A TEENAGE thug will spend Christmas locked up after carrying out two sickening attacks.
A judge named and shamed 17-year-old Reece Convery, describing him as a “very high risk of harm to the public”.
Convery slashed a man’s back with a piece of broken glass during a street assault in Jarrow last September.
The victim had been pounced on by a group as he left the Golden Lion pub and said his attackers were like a “pack of animals”.
And on New Year’s Day, he was caught on CCTV stamping on a man who had been enjoying a drink in the town’s Queens Arms pub, leaving him with a fractured ankle.
Newcastle Crown Court heard that Convery’s mother and father also got involved in the shocking violence in the bar that day, and that during the trouble, the teenager was shown to give a “demonstration” to his mother on how she should be punching.
His father headbutted a man, who was simply sitting down, three times.
Judge John Evans said the footage from that day “is as bad as I’ve ever seen on CCTV.”
At Newcastle Crown Court yesterday, Convery, of Abbey Drive, Jarrow, who already has convictions for violence, was locked up for 12 months and branded a “very high risk of harm to the public.”
The judge said the sentence may be seen by some as being “inadequate” but he was constrained by restrictions relating to youth justice guidelines, but agreed to a press request to lift an order which banned publication of the youth’s identity.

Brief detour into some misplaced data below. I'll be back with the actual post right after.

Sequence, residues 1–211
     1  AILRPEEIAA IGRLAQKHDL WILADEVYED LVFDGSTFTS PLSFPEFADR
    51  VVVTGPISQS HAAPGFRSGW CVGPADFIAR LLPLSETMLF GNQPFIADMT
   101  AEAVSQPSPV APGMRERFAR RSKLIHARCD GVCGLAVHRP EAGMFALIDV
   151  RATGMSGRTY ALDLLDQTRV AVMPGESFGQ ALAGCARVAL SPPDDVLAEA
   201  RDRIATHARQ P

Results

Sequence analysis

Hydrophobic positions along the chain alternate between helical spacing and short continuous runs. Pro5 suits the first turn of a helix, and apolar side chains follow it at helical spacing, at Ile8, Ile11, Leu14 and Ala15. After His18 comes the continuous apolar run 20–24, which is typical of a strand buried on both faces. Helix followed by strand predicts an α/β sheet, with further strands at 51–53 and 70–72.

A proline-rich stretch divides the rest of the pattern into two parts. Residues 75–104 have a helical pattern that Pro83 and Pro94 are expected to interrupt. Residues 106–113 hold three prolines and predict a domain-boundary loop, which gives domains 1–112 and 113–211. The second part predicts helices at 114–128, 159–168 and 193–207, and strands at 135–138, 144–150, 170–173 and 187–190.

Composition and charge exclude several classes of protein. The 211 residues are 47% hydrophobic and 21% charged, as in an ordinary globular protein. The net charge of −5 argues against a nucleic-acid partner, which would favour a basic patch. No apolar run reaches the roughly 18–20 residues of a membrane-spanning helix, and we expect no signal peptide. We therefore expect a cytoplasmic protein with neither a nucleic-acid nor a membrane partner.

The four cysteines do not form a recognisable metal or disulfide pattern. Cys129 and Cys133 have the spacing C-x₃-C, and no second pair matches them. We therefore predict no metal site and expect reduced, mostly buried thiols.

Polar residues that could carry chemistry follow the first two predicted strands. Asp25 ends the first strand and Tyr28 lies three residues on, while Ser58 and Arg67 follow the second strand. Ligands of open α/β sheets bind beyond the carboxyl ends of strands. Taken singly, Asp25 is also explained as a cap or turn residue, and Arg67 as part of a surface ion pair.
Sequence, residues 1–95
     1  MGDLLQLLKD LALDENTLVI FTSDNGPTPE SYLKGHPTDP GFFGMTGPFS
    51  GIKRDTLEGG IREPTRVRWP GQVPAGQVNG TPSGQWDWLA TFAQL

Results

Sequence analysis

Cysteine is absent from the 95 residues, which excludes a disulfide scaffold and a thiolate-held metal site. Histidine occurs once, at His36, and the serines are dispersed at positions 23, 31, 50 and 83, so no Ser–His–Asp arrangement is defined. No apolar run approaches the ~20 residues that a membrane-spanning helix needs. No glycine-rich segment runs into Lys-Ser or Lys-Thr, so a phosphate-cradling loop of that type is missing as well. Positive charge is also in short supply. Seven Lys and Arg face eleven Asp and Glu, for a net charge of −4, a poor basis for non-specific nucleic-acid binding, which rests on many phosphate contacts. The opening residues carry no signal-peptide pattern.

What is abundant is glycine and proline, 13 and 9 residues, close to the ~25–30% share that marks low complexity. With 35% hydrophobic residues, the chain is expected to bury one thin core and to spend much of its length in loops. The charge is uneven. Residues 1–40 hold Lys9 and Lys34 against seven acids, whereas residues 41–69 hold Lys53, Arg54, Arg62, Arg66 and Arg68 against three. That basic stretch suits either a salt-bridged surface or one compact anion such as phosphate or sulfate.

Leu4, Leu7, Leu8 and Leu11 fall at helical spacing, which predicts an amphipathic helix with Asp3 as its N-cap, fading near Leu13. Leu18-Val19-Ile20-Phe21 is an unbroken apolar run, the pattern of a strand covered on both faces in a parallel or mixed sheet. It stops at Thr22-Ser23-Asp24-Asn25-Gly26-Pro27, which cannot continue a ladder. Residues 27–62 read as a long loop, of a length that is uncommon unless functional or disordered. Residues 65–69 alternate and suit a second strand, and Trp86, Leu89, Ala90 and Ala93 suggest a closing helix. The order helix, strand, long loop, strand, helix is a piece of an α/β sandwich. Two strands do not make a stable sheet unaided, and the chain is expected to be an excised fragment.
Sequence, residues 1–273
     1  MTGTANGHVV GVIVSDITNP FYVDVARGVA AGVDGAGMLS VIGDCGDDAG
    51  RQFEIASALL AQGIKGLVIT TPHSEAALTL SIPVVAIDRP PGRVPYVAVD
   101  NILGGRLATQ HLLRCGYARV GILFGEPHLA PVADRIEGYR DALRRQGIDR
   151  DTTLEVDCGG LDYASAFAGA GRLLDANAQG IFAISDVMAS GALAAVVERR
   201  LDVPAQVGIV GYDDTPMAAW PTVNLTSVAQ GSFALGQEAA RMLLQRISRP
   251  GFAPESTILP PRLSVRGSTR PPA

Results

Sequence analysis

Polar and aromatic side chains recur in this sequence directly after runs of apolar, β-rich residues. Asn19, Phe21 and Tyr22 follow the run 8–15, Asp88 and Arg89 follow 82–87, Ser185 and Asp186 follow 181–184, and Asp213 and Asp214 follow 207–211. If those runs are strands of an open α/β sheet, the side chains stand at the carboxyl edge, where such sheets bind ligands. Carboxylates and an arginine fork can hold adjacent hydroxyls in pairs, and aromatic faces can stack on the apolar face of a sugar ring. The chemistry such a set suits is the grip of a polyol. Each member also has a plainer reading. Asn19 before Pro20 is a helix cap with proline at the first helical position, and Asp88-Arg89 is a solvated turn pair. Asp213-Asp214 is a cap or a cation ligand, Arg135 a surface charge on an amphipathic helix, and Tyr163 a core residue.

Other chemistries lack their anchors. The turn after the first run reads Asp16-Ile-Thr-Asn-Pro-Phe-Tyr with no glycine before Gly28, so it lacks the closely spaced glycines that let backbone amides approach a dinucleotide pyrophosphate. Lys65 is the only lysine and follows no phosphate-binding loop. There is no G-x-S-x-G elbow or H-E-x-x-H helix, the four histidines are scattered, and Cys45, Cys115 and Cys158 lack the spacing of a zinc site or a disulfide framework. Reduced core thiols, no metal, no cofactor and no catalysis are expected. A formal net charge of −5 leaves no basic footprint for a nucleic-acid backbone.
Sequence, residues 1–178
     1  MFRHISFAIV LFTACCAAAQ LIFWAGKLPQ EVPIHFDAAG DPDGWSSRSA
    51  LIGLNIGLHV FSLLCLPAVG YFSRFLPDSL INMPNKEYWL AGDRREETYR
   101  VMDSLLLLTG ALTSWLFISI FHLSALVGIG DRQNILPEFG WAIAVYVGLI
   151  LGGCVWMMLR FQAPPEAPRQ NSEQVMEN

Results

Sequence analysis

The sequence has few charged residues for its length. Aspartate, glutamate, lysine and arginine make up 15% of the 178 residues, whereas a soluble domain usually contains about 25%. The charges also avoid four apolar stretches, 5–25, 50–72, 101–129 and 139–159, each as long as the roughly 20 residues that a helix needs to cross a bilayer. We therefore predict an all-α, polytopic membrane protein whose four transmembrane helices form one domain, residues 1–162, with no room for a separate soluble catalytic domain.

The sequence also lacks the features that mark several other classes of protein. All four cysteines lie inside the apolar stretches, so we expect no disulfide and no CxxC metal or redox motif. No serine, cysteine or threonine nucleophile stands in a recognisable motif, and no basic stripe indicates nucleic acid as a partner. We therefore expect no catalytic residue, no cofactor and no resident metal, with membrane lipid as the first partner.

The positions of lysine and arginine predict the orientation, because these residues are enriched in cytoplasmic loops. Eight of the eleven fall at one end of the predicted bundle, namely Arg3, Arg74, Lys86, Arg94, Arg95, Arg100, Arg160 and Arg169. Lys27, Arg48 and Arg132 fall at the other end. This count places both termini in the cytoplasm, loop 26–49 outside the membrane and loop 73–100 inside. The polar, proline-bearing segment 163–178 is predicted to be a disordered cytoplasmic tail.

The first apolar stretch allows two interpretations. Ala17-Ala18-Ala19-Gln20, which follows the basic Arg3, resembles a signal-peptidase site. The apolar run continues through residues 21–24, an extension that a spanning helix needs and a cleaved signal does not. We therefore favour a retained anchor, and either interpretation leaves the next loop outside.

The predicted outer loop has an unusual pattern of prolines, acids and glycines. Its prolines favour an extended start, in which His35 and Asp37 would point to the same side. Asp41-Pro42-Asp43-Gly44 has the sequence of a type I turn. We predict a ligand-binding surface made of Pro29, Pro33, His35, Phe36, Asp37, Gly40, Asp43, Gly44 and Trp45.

The judge said: “What happened was very public and the public do have an interest in this case.
“I don’t, in these circumstances, think it is appropriate to maintain the order. I am going to lift the restrictions in this case.”
The judge had warned Convery: “if you want to spend your life in custody, you carry on in that fashion.”
Convery had admitted unlawful wounding and causing grievous bodily harm.
His mother Jolene Convery, 36, and father Robert Lewis, 35, of the same address, admitted affray.
The mother was sentenced to a community order for 18 months with supervision and the father given nine months imprisonment, suspended for 18 months with 140 hours unpaid work.
Bob Spragg, prosecuting, told the court the victim in the September attack was punched and kicked by youths as he was on the ground.
Mr Spragg said: “In addition, the defendant was seen to bend over the victim, who was on the floor, lift back his shirt and deliberately slashed his back with a piece of glass he had picked up.”
The injuries to the victim’s back needed stitches in hospital.
CCTV of the Queens Arms attack showed a group of men being subjected to violence which shocked onlookers tried to step in and stop.
Shaun Routledge, defending, said Convery’s behaviour has improved throughout the year .
Vic Laffey, defending the parents, said the pair were deeply embarrassed by their behaviour on the day, which was during a rare trip out socialising.